(Host) From high-tech helmets to motion-tracking devices, Vermont companies are involved in producing some of the modern equipment of war. One of the latest pieces of gear is highly durable, protective eyewear, produced in Williston.
VPR’s Lynne McCrea reports.
“You’ll hear a series of beeps. Three seconds after that, the projectile will fire…”
(McCrea) Shawn Therrien is an engineering technician at Revision Eyewear. He’s in the testing lab, with equipment that can simulate what will happen when a bullet is shot at different types of protective eyewear.
(Therrien) “What we have here is a standardized head form, it’s a hard rubber head form, that we can mount into a protective clear ballistic chamber, so to speak. It’s kind of like a cage. It also uses a series of valves, it uses compressed helium similar to what you blow up party balloons with, to actually push the projectile down the barrel.”
(McCrea) Computer software then shows what the speed of the projectile is, as it hits the eyewear.
(McCrea) “What are you going to test here?”
(Therrien) “This is a pair of our goggles called Desert Locust, and in this demo for you, we’re using a simulated 22-caliber bullet. We’ll be shooting at the U.S. army specified standard velocity, which is 560 feet per second.”
(McCrea) Therrien warns everyone in the lab of the loud noise about to come.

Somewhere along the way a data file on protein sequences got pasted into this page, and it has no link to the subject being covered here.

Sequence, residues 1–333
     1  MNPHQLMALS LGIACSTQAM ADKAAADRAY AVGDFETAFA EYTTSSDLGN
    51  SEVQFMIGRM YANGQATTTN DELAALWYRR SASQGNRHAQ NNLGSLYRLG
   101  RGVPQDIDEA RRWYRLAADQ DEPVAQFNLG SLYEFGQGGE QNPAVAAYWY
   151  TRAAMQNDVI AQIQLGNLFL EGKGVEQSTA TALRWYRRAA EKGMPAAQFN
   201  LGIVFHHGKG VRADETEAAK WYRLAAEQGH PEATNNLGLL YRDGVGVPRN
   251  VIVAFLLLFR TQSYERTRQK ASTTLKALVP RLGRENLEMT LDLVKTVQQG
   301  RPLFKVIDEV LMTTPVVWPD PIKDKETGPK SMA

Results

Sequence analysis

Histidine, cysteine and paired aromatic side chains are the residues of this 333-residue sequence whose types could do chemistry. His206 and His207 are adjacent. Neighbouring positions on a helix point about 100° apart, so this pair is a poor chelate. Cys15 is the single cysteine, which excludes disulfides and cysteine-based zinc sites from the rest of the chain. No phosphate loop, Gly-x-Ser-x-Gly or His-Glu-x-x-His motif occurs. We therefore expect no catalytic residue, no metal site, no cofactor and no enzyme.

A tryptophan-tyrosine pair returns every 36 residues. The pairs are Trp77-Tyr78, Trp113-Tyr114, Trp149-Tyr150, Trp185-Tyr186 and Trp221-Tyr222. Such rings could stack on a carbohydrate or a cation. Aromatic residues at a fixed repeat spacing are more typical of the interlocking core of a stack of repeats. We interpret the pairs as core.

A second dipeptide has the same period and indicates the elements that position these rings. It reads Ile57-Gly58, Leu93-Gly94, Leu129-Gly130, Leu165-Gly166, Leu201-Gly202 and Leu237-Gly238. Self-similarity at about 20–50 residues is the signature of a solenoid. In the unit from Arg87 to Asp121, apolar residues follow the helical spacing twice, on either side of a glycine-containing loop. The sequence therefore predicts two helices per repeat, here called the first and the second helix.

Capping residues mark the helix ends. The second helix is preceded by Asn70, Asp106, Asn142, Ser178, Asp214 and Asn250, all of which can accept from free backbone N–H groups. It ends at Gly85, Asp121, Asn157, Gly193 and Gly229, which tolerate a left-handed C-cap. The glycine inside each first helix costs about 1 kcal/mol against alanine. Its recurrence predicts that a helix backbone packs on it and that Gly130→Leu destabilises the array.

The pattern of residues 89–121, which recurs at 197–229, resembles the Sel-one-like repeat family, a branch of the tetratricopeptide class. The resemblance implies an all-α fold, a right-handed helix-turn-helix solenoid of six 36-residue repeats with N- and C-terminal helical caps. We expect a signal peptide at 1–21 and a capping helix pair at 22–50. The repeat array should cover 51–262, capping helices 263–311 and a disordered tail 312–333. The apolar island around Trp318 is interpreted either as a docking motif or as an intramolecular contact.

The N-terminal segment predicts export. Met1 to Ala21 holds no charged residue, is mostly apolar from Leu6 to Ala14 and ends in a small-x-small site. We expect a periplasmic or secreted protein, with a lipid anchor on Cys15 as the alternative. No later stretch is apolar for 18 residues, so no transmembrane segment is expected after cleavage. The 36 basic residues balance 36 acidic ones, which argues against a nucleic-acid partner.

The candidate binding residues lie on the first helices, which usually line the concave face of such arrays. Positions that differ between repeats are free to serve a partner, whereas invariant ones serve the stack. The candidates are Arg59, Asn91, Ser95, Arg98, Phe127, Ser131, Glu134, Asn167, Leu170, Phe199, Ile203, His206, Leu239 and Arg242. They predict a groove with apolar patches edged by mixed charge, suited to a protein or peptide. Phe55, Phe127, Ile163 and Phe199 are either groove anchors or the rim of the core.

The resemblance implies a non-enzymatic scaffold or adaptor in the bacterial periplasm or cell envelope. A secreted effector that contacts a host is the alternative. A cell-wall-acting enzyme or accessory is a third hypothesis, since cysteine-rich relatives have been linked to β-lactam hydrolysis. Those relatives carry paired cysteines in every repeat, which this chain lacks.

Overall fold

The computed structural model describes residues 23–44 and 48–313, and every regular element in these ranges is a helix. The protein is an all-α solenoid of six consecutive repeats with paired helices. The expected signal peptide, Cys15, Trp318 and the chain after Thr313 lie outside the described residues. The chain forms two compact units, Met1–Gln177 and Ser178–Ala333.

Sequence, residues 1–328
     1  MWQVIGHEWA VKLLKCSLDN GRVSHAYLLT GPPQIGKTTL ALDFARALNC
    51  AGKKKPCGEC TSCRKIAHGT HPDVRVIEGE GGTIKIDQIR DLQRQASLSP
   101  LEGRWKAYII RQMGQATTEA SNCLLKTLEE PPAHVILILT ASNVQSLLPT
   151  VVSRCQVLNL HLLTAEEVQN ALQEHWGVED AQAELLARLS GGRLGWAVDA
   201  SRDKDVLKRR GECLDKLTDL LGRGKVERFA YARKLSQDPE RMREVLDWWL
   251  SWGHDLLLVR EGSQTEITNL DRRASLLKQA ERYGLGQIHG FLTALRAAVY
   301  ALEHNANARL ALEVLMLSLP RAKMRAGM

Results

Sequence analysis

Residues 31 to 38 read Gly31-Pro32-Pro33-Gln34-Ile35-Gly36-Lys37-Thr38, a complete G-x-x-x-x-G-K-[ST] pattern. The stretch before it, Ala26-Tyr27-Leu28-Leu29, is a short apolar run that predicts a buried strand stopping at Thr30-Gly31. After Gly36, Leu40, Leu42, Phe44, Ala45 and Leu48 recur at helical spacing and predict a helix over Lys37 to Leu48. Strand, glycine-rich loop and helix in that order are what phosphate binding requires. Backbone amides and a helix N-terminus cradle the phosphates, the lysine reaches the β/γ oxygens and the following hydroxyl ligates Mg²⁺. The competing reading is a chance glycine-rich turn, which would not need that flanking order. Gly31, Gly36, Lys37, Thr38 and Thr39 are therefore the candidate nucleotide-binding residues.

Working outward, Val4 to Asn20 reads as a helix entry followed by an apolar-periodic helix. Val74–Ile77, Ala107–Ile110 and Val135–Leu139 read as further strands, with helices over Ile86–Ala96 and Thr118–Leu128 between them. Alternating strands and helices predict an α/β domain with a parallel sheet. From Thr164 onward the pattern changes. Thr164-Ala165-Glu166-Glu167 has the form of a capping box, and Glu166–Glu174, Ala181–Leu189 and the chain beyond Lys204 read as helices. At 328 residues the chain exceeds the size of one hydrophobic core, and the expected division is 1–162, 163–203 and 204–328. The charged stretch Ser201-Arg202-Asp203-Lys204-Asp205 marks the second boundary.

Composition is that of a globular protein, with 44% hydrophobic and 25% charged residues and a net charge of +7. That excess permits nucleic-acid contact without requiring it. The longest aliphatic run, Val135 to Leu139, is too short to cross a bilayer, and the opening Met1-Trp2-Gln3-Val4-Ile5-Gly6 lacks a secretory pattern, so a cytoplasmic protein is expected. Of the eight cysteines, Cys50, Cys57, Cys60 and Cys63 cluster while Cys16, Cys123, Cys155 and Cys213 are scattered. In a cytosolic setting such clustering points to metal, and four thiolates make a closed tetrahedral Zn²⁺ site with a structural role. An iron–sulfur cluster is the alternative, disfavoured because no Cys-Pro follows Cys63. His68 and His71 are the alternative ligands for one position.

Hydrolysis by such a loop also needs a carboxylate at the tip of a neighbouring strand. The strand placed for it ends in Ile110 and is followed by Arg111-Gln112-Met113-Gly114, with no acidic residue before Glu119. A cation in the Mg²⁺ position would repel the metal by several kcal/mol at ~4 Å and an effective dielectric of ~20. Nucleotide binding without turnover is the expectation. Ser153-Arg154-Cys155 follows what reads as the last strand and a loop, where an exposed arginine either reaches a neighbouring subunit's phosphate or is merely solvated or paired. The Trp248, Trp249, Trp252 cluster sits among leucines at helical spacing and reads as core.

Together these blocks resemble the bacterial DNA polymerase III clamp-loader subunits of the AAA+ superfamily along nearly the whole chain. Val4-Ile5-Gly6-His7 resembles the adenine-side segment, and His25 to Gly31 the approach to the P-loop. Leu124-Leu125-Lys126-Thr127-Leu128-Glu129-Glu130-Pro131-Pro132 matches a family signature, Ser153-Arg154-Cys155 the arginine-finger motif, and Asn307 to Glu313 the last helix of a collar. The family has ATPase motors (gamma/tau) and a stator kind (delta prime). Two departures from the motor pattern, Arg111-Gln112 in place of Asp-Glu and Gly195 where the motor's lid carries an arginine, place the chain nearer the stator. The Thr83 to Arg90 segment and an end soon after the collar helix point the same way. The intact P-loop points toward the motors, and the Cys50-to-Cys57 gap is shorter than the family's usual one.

(Sound: “Beep… beep… beep…BANG.”)
(McCrea) As expected, these goggles pass the test. The president of Revision Eyewear, Jonathon Blanshay, says it takes a fairly complex design to meet military standards.
(Blanshay) “This is not stuff that’s designed for industrial use. This has to meet some severe ballistic testing. The lens must not shatter or deteriorate or allow penetration. So that’s a function of what the material is, how thick it is, what kind of coatings it has, how good your mold is – a whole number of things that go into making a better mousetrap.”
(McCrea) Blanshay says his company has sold about 90,000 pairs of eyewear worn by soldiers in Iraq and Aghanistan, and he knows of several instances where it saved soldiers’ eyes.
Revision Eyewear is based in Montreal and set up its operation in Vermont just over a year ago. Blanshay says that, given the amount of money the military is spending on the war in Iraq, companies like his are doing well.
(Blanshay) “And, particularly in our case or companies like us, it almost doesn’t matter what side of the debate you’re on – pro or con – we’re providing protection. And protecting soldiers can only be a good thing.”
(McCrea) That protection comes in the form of a complex design of eyewear, involving special coatings and processes that are constantly tweaked and tested.
For VPR news, I’m Lynne McCrea.
(Host) Staffing at the Williston facility is expected to expand now that the company has a new $4 million contract with the U.S. Army to produce more than 100,000 pairs of ballistic eyewear.